The BIS Quarterly Review released today is divided into two parts. The first presents an overview of recent developments in financial markets, before turning in more detail to financing flows in banking and debt securities markets, and activity in derivatives markets. The second part presents four articles: one on the new BIS effective exchange rate indices; another on new developments in the system of US housing finance; a third on the euromarket experience with basket currency bonds; and a fourth on the use of information from option prices to derive risk premia across asset markets.
Asset prices in emerging markets rallied to record highs early in the year. Foreign investors were eager buyers of emerging market bonds and equities, pushing indicators of valuations towards and in some cases beyond the upper end of their historical range. The steady improvement in many countries' fundamentals contributed to investors' enthusiasm for emerging market assets. Investors' heightened appetite for risk also appeared to be an important factor behind the rally.
In the major markets, investors were less exuberant. They seemed uncomfortable with current valuations in equity and corporate bond markets but at the same time uncertain in which direction to take a position. In the United States, interest rates, oil prices and corporate earnings all weighed on equity prices. In Japan, seemingly idiosyncratic events had market-wide repercussions, bringing a temporary halt in January to the rally on the Tokyo exchange. Shareholder-friendly actions such as leveraged buyouts continued to loom over corporate debt markets, but corporate spreads remained stable near their cyclical lows despite the associated risks.
In government bond and swap markets, yields advanced despite mixed news on the economy, as traders expected monetary policy to tighten further in the United States and Europe. In Japan, as inflation turned positive, market participants expected the policy of quantitative easing to be abandoned earlier than previously anticipated.
Global gross issuance of international bonds and notes increased by 25% in the fourth quarter of 2005, even though the fourth quarter is usually the quietest in the international debt issuance calendar. Borrowing by emerging market countries remained strong, closing out a record-breaking year in which gross issuance rose by more than 50%. Emerging market borrowers evidently took advantage of very favourable financing conditions throughout most of the year, including the narrowing of spreads to new historical lows. By contrast, high-yield issuance in developed economies declined during the quarter, despite spreads holding steady throughout the period.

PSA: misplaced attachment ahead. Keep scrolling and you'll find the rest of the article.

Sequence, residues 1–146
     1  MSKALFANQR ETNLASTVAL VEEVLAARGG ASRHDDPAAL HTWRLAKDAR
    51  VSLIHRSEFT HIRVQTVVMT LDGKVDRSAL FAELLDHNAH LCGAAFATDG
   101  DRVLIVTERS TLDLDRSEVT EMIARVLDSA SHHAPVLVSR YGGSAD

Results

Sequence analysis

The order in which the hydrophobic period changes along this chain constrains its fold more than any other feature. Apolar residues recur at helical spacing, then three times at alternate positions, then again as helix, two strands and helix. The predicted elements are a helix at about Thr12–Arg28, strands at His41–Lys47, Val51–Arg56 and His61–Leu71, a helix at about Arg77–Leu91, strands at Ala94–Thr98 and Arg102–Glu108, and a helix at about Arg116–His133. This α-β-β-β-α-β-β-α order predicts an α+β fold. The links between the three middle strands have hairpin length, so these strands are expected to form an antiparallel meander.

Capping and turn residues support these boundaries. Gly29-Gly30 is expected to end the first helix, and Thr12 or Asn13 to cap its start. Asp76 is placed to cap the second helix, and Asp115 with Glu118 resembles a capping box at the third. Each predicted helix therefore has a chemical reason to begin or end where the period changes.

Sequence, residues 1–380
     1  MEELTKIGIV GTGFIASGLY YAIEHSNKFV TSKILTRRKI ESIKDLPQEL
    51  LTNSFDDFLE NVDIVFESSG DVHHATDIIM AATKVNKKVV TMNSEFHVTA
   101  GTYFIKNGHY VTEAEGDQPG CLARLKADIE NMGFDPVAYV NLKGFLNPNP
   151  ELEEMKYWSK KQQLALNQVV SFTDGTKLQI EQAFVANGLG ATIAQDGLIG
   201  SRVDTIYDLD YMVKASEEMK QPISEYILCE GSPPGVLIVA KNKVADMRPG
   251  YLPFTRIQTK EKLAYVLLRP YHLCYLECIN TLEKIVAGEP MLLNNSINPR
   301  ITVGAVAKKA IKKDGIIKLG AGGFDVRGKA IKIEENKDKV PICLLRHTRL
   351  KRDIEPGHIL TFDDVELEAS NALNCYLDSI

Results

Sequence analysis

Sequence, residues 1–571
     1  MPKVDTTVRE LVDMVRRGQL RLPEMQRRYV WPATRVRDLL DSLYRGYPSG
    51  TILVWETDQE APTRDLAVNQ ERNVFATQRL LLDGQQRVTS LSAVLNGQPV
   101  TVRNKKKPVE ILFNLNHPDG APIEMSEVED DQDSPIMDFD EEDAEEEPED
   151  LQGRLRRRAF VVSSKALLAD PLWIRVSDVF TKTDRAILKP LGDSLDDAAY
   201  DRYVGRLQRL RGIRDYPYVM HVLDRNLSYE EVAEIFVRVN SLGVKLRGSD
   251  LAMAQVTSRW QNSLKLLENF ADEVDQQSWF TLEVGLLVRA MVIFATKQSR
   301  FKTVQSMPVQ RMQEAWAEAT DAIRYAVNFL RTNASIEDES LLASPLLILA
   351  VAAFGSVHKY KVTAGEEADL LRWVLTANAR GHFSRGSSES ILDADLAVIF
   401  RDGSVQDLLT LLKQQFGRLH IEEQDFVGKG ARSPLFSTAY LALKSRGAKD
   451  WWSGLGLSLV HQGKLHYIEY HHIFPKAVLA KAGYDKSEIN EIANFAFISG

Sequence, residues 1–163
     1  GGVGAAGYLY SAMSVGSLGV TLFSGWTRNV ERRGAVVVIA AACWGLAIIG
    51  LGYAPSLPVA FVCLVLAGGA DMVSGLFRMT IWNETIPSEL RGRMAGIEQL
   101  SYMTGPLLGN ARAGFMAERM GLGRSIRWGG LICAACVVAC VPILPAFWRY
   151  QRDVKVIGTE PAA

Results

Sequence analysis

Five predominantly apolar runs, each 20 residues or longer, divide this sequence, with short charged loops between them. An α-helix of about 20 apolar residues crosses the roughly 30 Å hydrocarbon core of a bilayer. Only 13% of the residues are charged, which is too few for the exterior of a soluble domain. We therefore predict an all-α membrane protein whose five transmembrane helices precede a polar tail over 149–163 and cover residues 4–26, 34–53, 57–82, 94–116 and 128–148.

Global net issuance of bonds and notes more than doubled in the fourth quarter, rising from $237 billion to $572 billion. Net issuance grew significantly amongst US, UK, euro area and emerging market borrowers. In particular, net borrowing by Freddie Mac increased more than threefold in the period.
Trading on the international derivatives exchanges declined during the fourth quarter of 2005. Combined turnover (measured by notional amounts) in fixed income, equity index and currency contracts fell by 4% quarter-on-quarter to $344 trillion. As in the previous quarter, this was mainly due to seasonal factors, which tend to depress activity in the interest rate segment towards the end of the year. The year-on-year rate of growth remained unchanged at 22%.
In the interest rate segment, weaker activity in the US and Japanese markets was partially offset by increased turnover on short-term euro interest rates ahead of the ECB's rate hike on 1 December. Turnover in stock index contracts in the fourth quarter rose by 14% to a record $39 trillion, with growth concentrated in contracts on Japanese and US stock indices. The volume of exchange-traded currency contracts increased by 8% to $3.3 trillion. Trading in commodity derivatives increased slightly during the final quarter of 2005, as a large rise in the turnover of contracts on precious metals was offset by reduced activity in energy derivatives.